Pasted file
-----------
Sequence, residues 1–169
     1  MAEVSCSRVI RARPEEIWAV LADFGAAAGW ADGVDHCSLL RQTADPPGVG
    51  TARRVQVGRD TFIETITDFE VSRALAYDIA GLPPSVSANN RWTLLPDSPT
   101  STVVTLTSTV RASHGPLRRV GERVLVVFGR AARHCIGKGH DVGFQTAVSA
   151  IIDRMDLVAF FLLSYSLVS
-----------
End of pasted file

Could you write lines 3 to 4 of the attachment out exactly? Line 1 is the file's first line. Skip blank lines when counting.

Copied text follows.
    51  TARRVQVGRD TFIETITDFE VSRALAYDIA GLPPSVSANN RWTLLPDSPT
   101  STVVTLTSTV RASHGPLRRV GERVLVVFGR AARHCIGKGH DVGFQTAVSA